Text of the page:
Oak Trees and Allergies

So full disclosure. I have a daughter who is allergic to nuts and peanuts. 

You have probably heard the story of a mother who is asking that acorn-dropping oak trees in her daughter’s school yard be cut down to protect children with allergies to nuts. If you haven’t, here it is.

This woman is being massacred in the popular media. She has been called a nut-job, a narcissist, crazy, insane and a lunatic,

She has been told to shut up.

She has been told to pull her kids out of school and home-school them.

She has been told to move.

One person suggested that she be tied to an oak tree.

A number of people commented that mothers are responsible for causing their children’s food allergies because they keep their kids in bubble wrap.* 

Some scoffed at the idea that bullies will use the acorns to frighten children with nut allergies.


To me it sounds like a whole lot of people are bullying a mom who is just worried about her child. It’s OK to disagree with her and think she is overreacting, but people! These comments are just vile.

So yeah, it wouldn’t surprise me at all if the children of some of these commentators are bullying other kids with acorns. And maybe all this helps to explain why bullying won’t go away. 

Everyone will pay lip-service to the idea that bullying is bad, but then they see a person that they disagree with and it brings forth a nasty torrent of mean-spiritedness. 

Well, then. She obviously deserved it.

* One theory as to why food allergies are on the rise is that children is the hygiene hypothesis http://foodallergies.about.com/od/foodallergybasics/f/hygienehypoth.htm. where it is proposed that allergies arise because children are not exposed to enough dirt growing up. I can assure that my housekeeping skills are nowhere near good enough to cause my daughter’s allergy so you can stop blaming me now.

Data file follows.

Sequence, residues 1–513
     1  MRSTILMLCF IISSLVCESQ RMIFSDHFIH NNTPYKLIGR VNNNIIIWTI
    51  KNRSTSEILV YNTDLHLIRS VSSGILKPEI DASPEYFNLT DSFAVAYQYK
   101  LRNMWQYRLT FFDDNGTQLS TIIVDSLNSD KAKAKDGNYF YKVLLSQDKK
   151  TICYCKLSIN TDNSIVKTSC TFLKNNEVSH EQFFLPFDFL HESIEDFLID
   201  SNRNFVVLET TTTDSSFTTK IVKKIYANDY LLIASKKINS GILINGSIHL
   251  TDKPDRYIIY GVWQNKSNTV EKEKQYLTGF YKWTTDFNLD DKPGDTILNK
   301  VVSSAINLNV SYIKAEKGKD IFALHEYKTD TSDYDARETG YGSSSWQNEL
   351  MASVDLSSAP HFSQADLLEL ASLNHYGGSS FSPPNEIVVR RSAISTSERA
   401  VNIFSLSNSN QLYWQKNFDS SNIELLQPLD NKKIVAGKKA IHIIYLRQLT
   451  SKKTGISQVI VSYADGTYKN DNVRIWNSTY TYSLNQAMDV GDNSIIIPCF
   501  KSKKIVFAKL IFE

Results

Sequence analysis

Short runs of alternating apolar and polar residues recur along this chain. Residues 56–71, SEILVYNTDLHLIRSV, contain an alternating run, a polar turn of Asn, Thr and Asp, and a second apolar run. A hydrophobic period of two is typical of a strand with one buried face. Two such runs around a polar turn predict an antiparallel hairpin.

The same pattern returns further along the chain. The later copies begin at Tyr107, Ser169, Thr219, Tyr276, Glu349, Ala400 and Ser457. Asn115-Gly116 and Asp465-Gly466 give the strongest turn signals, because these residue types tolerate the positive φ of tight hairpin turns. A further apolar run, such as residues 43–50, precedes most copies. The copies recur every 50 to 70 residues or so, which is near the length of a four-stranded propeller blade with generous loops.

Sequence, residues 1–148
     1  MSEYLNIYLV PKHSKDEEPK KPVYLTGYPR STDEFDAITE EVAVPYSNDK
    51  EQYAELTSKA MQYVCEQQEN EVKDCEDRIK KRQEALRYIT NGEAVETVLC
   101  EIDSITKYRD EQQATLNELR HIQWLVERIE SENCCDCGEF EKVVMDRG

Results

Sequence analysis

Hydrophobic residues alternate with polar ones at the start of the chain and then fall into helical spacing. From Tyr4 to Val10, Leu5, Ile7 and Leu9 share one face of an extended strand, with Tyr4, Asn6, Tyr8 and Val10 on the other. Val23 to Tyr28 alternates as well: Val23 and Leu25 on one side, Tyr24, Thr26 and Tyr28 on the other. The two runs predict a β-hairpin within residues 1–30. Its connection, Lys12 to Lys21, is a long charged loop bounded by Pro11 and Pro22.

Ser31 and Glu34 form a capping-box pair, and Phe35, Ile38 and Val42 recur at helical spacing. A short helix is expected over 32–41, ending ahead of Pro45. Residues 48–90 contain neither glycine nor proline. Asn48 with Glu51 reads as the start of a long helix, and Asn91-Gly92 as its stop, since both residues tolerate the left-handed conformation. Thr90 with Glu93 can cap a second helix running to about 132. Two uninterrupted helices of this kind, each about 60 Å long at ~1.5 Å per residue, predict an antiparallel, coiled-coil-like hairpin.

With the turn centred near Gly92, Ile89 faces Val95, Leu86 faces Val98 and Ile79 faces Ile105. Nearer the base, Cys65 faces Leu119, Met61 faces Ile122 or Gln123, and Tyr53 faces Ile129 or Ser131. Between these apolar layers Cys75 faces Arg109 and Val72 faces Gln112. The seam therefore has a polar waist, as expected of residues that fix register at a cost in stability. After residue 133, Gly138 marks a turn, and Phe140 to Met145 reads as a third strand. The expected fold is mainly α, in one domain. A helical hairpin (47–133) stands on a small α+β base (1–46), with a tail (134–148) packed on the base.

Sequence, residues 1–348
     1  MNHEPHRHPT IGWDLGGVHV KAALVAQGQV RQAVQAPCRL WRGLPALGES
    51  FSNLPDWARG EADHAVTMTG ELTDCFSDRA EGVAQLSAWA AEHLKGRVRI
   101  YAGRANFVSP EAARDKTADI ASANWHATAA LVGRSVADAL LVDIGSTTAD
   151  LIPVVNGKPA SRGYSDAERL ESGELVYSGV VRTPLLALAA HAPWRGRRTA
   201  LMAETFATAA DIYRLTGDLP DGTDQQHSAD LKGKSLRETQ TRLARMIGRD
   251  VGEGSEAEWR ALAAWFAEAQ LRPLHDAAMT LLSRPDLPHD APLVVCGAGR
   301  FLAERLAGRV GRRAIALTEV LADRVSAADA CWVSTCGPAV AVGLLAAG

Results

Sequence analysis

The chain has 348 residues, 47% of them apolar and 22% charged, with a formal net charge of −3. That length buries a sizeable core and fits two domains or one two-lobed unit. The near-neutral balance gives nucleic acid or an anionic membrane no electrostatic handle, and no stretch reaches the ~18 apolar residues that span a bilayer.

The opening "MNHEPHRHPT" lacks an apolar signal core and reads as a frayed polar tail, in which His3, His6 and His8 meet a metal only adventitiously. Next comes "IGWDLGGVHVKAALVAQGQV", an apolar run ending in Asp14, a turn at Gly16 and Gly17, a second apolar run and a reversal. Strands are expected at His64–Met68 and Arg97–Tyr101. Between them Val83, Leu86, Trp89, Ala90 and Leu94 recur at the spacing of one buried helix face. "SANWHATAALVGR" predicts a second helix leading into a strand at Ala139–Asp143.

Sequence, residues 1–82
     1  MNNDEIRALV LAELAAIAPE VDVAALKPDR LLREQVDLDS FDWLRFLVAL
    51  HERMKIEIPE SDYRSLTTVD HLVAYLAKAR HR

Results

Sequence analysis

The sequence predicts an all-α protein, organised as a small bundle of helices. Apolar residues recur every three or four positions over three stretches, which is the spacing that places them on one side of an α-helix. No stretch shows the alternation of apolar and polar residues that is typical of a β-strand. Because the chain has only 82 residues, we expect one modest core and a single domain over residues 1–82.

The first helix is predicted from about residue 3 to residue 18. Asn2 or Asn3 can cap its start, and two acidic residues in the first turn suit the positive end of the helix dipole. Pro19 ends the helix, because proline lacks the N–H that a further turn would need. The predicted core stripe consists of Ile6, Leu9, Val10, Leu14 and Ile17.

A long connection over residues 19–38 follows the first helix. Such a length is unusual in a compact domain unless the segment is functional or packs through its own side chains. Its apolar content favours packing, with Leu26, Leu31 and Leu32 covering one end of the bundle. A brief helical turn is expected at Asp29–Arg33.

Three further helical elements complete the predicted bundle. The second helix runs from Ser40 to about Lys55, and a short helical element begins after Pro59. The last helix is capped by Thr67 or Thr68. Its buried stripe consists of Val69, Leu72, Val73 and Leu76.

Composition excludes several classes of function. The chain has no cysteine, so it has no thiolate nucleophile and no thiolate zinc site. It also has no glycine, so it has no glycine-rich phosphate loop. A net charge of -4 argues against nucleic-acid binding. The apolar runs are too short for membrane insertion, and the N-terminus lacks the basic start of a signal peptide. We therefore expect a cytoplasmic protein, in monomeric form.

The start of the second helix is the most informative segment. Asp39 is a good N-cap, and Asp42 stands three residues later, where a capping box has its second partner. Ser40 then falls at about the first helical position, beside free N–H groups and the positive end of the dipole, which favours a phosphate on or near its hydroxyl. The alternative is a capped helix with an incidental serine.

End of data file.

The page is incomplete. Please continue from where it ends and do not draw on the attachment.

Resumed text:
About Finola

I am an Ottawa area Mom, writer-want-to-be and coffee legend in the making.
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13 Responses to Oak Trees and Allergies

  1. The Maven says:

    This reminds me of the time when a girl who had been teasing me for weeks in grade 5 whacked me across the face with her metal lunch box as we were talking home. My parents, who had stayed out of it until then, went to her house to talk to her parents about it. They were promptly swore at, given the finger, and had the door slammed in their faces. They walked away with a better understanding of why the lunchbox thing happened.

    Maybe her parents disagreed with mine, but that was a poor way to show it – much like the nasty comments directed at the women who is just trying to keep her child safe. And if you’ve ever dealt with a young child with a nut allergy, you know how serious it can be, and you wouldn’t fault a parent for being “too careful.” You can’t be too careful when your child could die in a matter of minutes from something as seemingly innocuous as a nut on the ground.

    • Finola says:

      That’s horrible how those parents acted when you were a kid. And kids definitely learn these behaviours from parents. With all the talk about bullying in schools I was always baffled as to why it continues. With this story, it finally became clear to me.

  2. Sasha says:

    Thank you for adding some perspective, Finola. I admit it – I was saying exactly some of those things on another blog. I do think the mom is overreacting (full disclosure: I _don’t_ have kids with life-threatening allergies), but I can’t say I’m feeling all that proud of how I expressed that.

  3. Finola says:

    I so appreciate your very honest comment Sasha. Thank you.

  4. jenny gee says:

    I just wonder if a situation occurred that spawn all of this… As we know, we cannot ever live in a zero risk environment. But I wonder if her kids or someone else’s got bullied or did have the skin reaction to a crushed acorn or something.

    I think cutting down the trees would be the wrong (read: easy) way to go about fixing this problem. The problem is in the fear – of bullies, of an allergic reaction – which would be the harder problem to fix. Behavioural change is always going to be the more effective, more difficult way of fixing things like this. How do we fix bullying? We don’t accept it. We fix the root of the reason why the bully acts out the way they do.